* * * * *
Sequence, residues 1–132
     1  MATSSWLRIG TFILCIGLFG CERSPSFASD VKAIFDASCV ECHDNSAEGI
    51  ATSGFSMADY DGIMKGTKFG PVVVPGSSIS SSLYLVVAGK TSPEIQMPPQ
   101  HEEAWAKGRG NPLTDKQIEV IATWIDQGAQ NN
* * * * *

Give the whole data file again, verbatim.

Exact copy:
Sequence, residues 1–132
     1  MATSSWLRIG TFILCIGLFG CERSPSFASD VKAIFDASCV ECHDNSAEGI
    51  ATSGFSMADY DGIMKGTKFG PVVVPGSSIS SSLYLVVAGK TSPEIQMPPQ
   101  HEEAWAKGRG NPLTDKQIEV IATWIDQGAQ NN